. App usage is much lower, with a recent Accenture report finding that less than 2% of patients use the apps that hospitals offer.

That’s not to say that these technologies aren’t essential, but in 2019, leading hospitals will recognize that engaging patients requires multiple channels, from texting and live chat to portal messaging and phone calls. Using multiple channels will increase the likelihood of reaching patients via their preferred mode. Text messaging, especially, will play a growing role in 2019, as health systems recognize it’s an easy and effective way to meet patients wherever they are in their healthcare journey.

4. Using nonclinical individuals to improve the patient experience

Realizing the ROI on early initiatives, leading health systems will ramp up the use of nonclinical personnel to help patients navigate the healthcare system effectively. These individuals are very effective at reducing costs.

For example, a study appearing JAMA found that nonclinical navigators led to a total savings of $19 million annually. Navigators are also effective at improving quality. A recent Wall Street Journal article noted a program at New York’s Northwell Health that found that laypeople trained as community health workers increased engagement between Medicaid patients and their healthcare teams.

Another advantage of using nonclinical navigators is that they can be hired based on soft skills, such as the ability to offer excellent hospitality and customer service, show empathy, communicate effectively, relate culturally, and speak the same language as patients.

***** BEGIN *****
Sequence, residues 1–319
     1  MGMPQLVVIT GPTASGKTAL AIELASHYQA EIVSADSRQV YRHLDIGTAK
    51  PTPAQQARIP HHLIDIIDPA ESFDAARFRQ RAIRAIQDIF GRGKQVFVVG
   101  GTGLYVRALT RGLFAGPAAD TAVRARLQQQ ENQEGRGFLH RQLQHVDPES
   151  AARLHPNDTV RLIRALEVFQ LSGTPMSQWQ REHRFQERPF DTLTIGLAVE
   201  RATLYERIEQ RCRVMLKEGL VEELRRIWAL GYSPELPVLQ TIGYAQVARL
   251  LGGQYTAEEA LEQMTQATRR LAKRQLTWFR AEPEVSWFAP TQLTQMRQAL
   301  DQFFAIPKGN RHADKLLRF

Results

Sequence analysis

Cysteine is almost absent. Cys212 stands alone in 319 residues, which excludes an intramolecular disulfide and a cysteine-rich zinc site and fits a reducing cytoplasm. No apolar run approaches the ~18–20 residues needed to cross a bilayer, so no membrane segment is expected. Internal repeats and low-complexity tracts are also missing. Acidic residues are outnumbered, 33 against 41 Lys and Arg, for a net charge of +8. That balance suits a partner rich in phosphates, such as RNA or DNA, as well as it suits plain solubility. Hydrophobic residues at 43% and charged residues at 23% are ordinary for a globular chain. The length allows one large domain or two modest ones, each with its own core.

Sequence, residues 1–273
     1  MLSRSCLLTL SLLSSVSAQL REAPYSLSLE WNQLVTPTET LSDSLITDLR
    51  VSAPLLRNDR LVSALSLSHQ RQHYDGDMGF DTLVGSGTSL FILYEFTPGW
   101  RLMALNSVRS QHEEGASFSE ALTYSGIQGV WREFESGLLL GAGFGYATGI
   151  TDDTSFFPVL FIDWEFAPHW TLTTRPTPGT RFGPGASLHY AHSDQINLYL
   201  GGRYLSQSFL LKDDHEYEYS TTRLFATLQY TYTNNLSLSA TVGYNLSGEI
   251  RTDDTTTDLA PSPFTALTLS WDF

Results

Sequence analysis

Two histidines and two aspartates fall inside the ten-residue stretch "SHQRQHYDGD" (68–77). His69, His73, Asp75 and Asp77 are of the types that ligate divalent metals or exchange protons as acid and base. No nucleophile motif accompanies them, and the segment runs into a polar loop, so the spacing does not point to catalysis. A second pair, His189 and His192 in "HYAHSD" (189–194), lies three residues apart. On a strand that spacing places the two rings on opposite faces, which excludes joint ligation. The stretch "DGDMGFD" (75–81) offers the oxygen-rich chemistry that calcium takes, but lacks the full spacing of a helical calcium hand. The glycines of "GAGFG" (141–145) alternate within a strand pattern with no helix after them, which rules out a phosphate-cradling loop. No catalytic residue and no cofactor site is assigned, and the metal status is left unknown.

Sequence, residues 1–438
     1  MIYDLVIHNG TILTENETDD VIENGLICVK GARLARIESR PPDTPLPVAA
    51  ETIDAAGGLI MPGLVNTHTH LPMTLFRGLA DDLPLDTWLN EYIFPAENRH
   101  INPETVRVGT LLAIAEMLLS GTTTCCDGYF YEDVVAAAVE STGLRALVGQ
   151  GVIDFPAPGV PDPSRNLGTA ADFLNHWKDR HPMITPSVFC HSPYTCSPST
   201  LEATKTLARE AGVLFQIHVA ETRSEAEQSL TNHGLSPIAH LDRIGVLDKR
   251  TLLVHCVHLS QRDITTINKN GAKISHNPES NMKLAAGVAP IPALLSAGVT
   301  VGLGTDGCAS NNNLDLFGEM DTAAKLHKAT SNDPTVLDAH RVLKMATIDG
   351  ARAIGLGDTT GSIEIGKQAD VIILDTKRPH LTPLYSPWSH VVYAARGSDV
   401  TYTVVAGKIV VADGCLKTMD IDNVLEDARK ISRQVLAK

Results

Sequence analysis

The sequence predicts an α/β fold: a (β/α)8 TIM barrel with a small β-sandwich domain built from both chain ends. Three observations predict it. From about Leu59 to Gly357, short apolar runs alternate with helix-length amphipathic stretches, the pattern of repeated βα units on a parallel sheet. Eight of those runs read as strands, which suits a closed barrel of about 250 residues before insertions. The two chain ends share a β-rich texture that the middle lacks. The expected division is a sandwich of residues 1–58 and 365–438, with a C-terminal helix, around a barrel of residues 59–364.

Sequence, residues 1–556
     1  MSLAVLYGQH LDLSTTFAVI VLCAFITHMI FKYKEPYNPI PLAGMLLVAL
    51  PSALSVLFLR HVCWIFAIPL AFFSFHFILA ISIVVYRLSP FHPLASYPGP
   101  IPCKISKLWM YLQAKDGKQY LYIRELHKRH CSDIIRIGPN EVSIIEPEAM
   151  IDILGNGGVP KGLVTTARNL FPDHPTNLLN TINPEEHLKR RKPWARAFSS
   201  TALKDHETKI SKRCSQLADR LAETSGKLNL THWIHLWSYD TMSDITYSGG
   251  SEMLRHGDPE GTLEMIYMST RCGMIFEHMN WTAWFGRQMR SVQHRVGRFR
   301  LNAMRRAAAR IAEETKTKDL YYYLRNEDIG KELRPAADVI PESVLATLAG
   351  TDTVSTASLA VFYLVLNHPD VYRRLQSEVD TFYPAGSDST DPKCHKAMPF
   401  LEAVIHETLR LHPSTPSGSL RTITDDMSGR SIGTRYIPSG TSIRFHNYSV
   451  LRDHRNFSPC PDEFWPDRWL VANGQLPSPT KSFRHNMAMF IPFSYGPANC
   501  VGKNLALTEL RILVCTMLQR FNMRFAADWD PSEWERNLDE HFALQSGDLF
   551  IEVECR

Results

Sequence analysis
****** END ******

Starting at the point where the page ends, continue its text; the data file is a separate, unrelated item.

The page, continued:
5. Developing, and implementing, strategies to address social determinants of health

Many health systems are investing in programs to improve cultural sensitivity, create a more empathetic approach to care, and improve patient satisfaction scores. But leading healthcare systems recognize that without the right data to underscore those efforts, staff members can only do so much.

Related article: Three Ways to Better Address Social Determinants of Health

Patient engagement programs that capture patients’ nonclinical characteristics, such as their social determinants of health-where they live, work, and play-will help healthcare systems improve retention. They will also have a big impact on care quality, highlighting for example, if a patient might be unable to attend important follow-up appointments due to lack of transportation. In fact, socioeconomic factors are responsible for approximately 40% of a patient’s health, according to the American Hospital Association.

Improving the patient experience is moving up the priority list at leading hospitals as they recognize the large role it plays in their future success. If your organization hasn’t started any of the above initiatives, time is running out.

Paul Roscoe is a more than 25-year healthcare industry veteran who is CEO and cofounder of Docent Health, a healthcare experience company helping health systems adopt consumer-centric delivery models. Over his career, Paul has served as the CEO of VisionWare Inc and the CEO of Crimson (an operating unit of The Advisory Board Company), amongst other leadership positions.